"A prudential means of grace": The class meeting in early New York City Methodism
During its first one hundred years, New York City Methodism underwent a complete "sect-to-church" process and increasingly placed less priority on the weekly class meeting. To be sure, the Methodist movement in England (which predated New York City Methodism by approximately twenty-five years) gained numerous adherents because of its weekly class meeting which was required for both prospective and full members of its societies. Scholars, however, disagree as to what impetus led to its founding. Of course, they all agree that early British Methodism provided pastoral oversight to its members through the large Sunday evening society meeting, the smaller weekly class meeting, and the more intimate band meeting. Moreover, during the formative period of New York City Methodism (1766-1800), the class meeting system also carried out its twin program of catechetics and spiritual nurture. In addition, the class meeting system apparently fostered close personal relationships among class members, provided a place in which lay leadership could emerge, and monitored behavior. At the same time, class meetings in Manhattan differed from the British model in that they were segregated by race and gender and quickly exceeded Wesley's suggested limit of twelve persons in a class. Subsequently, in the next period, from 1800 to 1832, three factors negatively affected Methodism's earlier appeal. Specifically, these factors were the growing "sect-to-church" tensions, the effect of the weekly "prayer meeting" on the catechumenate function of the class meeting, and the difficulty of maintaining a close-knit feeling as class size grew. Eventually, during the next major period, 1832 to 1870, New York City Methodism took on even more mainstream Protestant church characteristics and attendance at the weekly class meetings dropped off considerably because of several reasons. At the same time, the settled pastorate began to gradually decrease the class leaders' role of pastoral oversight In conclusion, despite Methodism's current membership decline, a reintroduction of the class meeting can revitalize the church's effort to initiate people into the faith and also to assimilate them in the body of Christ.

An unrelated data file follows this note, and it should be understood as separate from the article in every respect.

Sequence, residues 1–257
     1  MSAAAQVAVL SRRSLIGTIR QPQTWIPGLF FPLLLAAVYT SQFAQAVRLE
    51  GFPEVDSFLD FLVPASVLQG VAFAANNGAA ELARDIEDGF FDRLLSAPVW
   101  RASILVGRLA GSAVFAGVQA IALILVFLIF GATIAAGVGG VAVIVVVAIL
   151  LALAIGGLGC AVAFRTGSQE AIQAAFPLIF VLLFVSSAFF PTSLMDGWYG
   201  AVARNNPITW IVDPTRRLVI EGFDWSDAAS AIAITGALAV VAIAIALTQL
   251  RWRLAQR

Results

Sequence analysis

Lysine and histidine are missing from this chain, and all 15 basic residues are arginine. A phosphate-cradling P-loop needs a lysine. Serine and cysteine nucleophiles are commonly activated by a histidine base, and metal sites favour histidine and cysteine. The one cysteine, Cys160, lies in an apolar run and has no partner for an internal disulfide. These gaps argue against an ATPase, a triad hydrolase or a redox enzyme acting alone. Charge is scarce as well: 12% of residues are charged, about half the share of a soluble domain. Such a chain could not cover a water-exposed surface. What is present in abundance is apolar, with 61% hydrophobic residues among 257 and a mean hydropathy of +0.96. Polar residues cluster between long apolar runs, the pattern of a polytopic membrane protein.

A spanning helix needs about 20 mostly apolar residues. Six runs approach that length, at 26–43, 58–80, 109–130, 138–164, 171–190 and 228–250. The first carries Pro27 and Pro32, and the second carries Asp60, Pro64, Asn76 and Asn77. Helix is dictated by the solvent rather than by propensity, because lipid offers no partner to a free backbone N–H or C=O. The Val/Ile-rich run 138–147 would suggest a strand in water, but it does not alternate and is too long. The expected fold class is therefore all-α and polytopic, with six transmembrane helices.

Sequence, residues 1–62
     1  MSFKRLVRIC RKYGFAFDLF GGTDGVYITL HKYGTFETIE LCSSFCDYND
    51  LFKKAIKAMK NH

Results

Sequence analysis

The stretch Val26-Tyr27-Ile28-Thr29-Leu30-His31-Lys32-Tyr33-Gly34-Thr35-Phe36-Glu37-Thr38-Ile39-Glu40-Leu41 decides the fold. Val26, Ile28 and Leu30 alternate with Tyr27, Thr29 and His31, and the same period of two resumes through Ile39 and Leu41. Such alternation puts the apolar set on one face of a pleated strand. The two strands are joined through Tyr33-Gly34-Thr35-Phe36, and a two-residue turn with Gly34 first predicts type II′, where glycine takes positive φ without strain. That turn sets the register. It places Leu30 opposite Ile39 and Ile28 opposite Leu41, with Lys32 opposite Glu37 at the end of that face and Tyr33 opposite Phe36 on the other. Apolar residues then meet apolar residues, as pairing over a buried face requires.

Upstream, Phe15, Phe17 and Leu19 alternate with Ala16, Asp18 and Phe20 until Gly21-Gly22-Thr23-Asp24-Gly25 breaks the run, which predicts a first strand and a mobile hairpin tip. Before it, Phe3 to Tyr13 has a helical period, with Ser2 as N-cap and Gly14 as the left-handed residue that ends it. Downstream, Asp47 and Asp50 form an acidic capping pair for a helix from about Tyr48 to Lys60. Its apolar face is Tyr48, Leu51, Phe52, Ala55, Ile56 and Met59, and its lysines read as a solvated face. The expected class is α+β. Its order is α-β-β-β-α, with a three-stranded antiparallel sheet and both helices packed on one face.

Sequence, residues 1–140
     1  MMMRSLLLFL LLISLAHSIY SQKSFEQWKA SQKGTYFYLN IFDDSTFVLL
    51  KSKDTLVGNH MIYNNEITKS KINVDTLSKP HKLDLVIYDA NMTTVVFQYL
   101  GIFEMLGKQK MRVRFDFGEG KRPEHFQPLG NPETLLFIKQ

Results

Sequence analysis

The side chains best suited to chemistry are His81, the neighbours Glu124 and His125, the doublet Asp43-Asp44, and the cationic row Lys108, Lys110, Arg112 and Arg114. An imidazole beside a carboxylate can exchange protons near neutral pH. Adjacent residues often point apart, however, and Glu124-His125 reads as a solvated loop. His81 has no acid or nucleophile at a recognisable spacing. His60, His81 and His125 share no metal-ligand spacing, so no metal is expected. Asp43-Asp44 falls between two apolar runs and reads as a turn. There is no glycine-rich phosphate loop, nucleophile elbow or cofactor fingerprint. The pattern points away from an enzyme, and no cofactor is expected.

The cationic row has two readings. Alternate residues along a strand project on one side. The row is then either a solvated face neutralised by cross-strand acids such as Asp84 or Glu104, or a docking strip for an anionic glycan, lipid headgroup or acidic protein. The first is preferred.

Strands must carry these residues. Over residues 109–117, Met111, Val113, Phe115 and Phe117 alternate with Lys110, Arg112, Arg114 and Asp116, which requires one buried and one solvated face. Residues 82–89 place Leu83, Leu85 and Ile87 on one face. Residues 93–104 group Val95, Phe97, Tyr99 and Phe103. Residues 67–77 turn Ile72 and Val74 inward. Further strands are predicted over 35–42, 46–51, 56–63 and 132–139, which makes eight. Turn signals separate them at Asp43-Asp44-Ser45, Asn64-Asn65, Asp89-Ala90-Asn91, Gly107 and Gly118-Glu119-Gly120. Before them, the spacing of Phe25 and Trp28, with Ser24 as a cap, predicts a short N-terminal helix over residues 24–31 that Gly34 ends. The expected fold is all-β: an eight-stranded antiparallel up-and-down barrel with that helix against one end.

Hardt, Philip Frederick, ""A prudential means of grace": The class meeting in early New York City Methodism" (1998). ETD Collection for Fordham University. AAI9825859.